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A Port Strike: More News Than Economics


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Over the last few months, the International Longshore and Warehouse Union and the Pacific Maritime Association have been negotiating a new contract that will cover nearly 20,000 dockworkers at 29 West Coast ports—including the massive port complex that sprawls across the southern shoreline of Los Angeles County.

The talks’ July deadline, however, has come and gone with little resolution. On top of this some truckers operating out of the Ports of Los Angeles and Long Beach have gone on strike against their firms, in a move that could expand to a more general strike by all truckers. NOTE: As of this writing, the striking truckers have voted to return to work following a request by Los Angeles Mayor Eric Garcetti for a 'cooling off' period.

These issues are inevitably leading to questions about the potential impact the turmoil might have on the Los Angeles economy—and the national economy in general. On the face of it, it may appear troubling. The Ports of Los Angeles and Long Beach not only represent the largest port complex in the United States by volume and value; they are actually one of the largest ports in the world. If things do blow up, could the fragile U.S. economy feel the pinch?

The short answer is no, it won’t. Although if things do heat up and the Ports are closed for business, expect much furor from pundits, the press, and firms that rely on the Ports for moving goods.

Labor unrest at Southern California’s major ports is not a new situation, and there is a history of breakdowns in negotiations that have closed the Ports for days, weeks, and if you look back far enough, months. The most recent incident was a brief strike in 2012 over job security issues. And then there was the bitter 2002 lockout of Port workers. I was at UCLA at the time, and when we were asked about what the impact to the economy might be, we looked into it.

There are a number of ways to analyze this issue. One is to only consider what the loss of billions of dollars in merchandise traffic might mean. But this ignores the fact that the economy is not so brittle. Indeed, business people are often faced with various inconveniences, and they work hard to mitigate losses due to these potential problems. I’d rather look at historical experiments—when strikes have occurred in the past—and then examine what happened after.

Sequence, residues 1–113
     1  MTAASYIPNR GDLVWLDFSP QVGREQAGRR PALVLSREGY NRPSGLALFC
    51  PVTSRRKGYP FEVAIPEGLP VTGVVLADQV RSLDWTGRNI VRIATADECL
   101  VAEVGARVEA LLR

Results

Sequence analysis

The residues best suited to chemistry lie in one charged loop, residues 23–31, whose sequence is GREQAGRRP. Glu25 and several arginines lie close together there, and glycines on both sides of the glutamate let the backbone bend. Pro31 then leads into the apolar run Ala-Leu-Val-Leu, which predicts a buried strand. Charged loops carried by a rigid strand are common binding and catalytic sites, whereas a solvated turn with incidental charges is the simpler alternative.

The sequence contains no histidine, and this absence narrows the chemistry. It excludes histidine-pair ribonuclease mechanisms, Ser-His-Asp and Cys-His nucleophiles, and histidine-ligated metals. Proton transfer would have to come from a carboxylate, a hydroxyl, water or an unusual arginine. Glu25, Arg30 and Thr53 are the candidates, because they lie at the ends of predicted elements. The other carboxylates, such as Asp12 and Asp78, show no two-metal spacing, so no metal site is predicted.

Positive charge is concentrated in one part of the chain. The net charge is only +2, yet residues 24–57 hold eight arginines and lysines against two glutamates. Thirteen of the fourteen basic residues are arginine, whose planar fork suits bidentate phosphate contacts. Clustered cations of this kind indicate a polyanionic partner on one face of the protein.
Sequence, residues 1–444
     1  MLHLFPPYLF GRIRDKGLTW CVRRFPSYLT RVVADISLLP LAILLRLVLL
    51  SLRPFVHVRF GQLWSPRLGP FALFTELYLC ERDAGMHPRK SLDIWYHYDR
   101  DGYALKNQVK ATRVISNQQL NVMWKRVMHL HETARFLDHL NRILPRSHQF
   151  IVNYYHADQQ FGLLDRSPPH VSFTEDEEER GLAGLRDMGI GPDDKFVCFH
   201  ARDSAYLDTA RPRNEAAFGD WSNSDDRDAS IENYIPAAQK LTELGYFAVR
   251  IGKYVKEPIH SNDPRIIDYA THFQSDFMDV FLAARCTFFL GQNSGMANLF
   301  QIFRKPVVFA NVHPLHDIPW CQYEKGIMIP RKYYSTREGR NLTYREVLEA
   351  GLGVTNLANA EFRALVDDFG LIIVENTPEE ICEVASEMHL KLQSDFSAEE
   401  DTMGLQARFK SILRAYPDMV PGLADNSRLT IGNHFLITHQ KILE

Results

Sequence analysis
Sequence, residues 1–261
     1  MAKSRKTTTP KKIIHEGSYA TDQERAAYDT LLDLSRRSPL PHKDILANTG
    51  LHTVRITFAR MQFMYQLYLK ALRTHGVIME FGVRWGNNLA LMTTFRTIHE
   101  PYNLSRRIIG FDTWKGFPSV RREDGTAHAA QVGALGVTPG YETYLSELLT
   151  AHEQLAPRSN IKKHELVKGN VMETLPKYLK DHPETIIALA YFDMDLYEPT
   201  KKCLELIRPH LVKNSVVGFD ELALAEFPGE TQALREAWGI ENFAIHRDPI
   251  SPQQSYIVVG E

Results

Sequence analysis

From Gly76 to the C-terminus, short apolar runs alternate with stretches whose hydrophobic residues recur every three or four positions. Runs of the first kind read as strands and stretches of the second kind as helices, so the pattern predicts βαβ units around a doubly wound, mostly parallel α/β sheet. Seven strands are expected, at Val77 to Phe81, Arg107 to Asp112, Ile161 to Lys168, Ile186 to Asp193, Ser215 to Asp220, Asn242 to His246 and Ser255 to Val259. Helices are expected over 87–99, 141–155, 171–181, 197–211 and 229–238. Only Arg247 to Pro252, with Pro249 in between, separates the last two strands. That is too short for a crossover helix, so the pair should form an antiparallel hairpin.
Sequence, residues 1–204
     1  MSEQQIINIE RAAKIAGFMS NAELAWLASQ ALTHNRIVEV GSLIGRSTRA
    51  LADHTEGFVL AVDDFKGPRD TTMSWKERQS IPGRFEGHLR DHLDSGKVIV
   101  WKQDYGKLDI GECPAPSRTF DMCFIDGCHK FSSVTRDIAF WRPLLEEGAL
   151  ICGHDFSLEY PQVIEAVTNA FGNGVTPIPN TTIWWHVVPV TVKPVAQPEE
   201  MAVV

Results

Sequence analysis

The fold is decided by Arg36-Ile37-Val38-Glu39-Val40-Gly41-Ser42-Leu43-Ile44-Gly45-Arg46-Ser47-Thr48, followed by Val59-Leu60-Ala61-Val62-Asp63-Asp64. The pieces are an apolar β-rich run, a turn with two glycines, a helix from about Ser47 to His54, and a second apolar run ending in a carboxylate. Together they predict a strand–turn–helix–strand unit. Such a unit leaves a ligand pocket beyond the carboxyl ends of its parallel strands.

Some of the worst labor unrest at the Ports of Los Angeles and Long Beach occurred in the 1960’s and 1970’s—when the Ports were closed for months at a time. For the analysis at UCLA, we carefully studied what happened during and after the crises and found that whatever trade flows were interrupted during the strikes were quickly made up for once the Ports reopened. And as for other measures of economic disruptions—industrial production, prices for basic goods, employment, retail sales—nothing could be seen in the national aggregate data at all.

Some might argue that this isn’t a good example because the United States is more trade dependent now than it was then (trade was 7% of the economy in those years, over twice that today) and with just-in-time inventory systems that make the overall system more sensitive to disruptions in trade flows. But while there are more trade flows, a much higher share of those flows are consumer products, not industrial inputs.

And today, unlike the 1970s, although inventories are kept low, it is much easier and cheaper to make alternative arrangements to bring in critical items because of our new era of information technology and cheap communication. This includes air cargo, or wheeling products in though the East Coast or overland via Canada or Mexico. In a pinch, items can even be bought from alternative suppliers in those nations.

After the 2002 lockout we also examined the effects more locally. Despite all the noise over the disruption, little impact was actually felt in the Los Angeles economy on any level—from employment to local retail sales. This isn’t to say that no one would be harmed if the current turbulence were to expand. Some retailers could be affected by a loss of sales. But consumers are resilient, and if one shelf in the store is empty, they will turn to one that is full and buy something there. One business’s loss is another’s gain—in aggregate, things even out.

Farmers, who have fresh product to ship out, are likely to have the greatest concerns. But even here, there are alternative buyers and shipping arrangements. The price may be lower or the costs higher, but they will most often find a way.

The unfortunate truth is that the truckers do have some legitimate labor issues. These workers, particularly the independent truckers, truly get the short end of the employment stick when it comes to working with the Ports. And their pain is a loss for Los Angeles in the form of unsafe highways and dirtier air. But the kinds of efforts they are undertaking to improve their situation will not have the broader impact that some fear. Instead they will primarily impose a hassle cost on businesses.

And these kinds of headaches—as much as we like to avoid them—tend not to show up in any aggregate figures that indicate the health of the local or national economy.




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